A funeral is supposed to be an opportunity to bid farewell to a loved one. However, uncontrolled expenditure can quickly turn it into a money drain. It's possible to have a good funeral even with a relatively small budget if you approach the occasion differently. This will ensure your loved one gets a decent send-off and you don't have to worry about crippling debt afterward.
Have a Plan
Having a plan for how the funeral will go can help you to determine what expenses are there and what you'll need to spend your money on.
If you are getting up there in age, you may be starting to think about plans for your body after you are gone. The two primary choices, at least in the Untied States, are traditional embalming and burial, or cremation service. Most people know that cremation is the cheaper of the two, but if your funds are not strictly limited, you may not be considering cremation as an option. However, cremation is not just for the impoverished.
If your loved one has passed away, and there were no advanced planning in place, you'll need to make the funeral arrangements as soon as possible. This can be a difficult process, especially if you weren't prepared for their passing. It's not easy to make arrangements for a funeral when you're dealing with shock and grief. Unfortunately, it's something that will need to be done. If you're not sure what to do next, here are five steps that will help you get started.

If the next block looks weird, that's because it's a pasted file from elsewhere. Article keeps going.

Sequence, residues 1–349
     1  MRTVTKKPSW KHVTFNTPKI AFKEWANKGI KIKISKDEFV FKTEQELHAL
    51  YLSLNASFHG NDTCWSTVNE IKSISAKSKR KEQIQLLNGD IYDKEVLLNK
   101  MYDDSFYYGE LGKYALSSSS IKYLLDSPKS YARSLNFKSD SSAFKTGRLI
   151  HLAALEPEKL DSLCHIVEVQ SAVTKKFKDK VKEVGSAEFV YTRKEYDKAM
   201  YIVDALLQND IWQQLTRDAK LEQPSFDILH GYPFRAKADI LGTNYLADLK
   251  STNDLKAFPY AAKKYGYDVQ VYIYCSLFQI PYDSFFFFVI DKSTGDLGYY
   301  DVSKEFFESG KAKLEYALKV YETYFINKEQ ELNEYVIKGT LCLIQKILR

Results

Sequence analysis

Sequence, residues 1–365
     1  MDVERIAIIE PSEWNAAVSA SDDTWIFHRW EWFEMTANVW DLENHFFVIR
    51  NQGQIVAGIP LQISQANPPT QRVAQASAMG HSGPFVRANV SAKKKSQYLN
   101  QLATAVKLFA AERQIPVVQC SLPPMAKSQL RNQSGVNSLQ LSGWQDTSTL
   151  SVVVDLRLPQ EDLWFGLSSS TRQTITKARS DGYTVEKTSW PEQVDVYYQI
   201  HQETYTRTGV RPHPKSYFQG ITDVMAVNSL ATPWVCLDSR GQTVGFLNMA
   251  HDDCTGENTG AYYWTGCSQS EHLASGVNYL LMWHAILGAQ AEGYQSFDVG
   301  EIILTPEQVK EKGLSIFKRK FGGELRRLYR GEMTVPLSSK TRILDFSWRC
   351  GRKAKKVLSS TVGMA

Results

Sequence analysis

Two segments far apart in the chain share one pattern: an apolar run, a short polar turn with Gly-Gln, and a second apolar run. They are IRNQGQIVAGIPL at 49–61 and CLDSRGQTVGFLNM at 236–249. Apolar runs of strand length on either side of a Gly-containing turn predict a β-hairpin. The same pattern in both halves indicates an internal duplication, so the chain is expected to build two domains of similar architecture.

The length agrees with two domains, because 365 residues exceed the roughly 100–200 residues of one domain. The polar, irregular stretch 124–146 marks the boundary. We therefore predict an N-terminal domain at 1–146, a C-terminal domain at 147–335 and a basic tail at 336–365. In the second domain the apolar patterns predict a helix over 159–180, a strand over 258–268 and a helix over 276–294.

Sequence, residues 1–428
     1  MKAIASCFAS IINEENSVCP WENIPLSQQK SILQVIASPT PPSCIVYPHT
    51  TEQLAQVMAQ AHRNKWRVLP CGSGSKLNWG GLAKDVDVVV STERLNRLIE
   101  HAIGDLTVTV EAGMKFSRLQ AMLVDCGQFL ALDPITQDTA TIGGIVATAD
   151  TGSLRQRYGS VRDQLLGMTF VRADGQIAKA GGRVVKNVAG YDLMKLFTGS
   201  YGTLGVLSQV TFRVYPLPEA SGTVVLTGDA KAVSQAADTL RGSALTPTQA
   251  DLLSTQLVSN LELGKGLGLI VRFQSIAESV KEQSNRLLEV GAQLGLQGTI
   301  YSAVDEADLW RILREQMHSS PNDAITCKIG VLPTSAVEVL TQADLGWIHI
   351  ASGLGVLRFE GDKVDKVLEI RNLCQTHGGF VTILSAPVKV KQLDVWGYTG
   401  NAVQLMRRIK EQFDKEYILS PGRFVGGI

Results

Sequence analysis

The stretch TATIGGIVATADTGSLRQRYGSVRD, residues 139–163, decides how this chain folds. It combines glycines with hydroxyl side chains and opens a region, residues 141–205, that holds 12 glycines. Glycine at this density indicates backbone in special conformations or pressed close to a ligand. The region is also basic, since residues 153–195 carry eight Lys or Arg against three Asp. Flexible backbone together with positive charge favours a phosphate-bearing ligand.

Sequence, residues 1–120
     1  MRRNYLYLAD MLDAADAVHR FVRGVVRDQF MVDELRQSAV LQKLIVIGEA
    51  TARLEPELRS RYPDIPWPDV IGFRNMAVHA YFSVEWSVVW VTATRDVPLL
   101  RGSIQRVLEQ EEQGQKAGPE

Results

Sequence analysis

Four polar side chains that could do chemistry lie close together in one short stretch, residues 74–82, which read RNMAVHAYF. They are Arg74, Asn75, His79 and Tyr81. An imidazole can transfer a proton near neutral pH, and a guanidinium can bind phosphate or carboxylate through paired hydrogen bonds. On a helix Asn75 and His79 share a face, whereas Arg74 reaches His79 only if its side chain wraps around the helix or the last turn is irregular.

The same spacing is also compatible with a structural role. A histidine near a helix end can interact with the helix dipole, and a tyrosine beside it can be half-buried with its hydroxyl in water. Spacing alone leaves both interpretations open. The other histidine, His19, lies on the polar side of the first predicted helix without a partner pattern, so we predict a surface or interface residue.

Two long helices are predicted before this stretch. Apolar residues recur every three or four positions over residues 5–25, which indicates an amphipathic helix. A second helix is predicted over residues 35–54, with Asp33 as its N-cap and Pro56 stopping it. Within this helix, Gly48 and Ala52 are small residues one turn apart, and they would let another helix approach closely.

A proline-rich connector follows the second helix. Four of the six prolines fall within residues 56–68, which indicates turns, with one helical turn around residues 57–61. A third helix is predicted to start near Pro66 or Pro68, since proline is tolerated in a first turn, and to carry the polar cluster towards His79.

If you have a loved one who passed away and who served in the military, it is a good idea to talk to the funeral home about their service. A good funeral home can help prepare a high-quality service that highlights your loved one's sacrifices and shows off their pride in their service.
Military Discharge Records Showcase Their Service
After your loved one passes away, search their home for their military discharge records.
While having a death in the family often brings loved ones closer together, there are some family situations that are a little bit more complex. In some cases, there may be a family member who is not welcome at the funeral. This can be a delicate situation to deal with in the midst of your grief, but there are a few things you can do to ensure the mental wellbeing of everyone in attendance.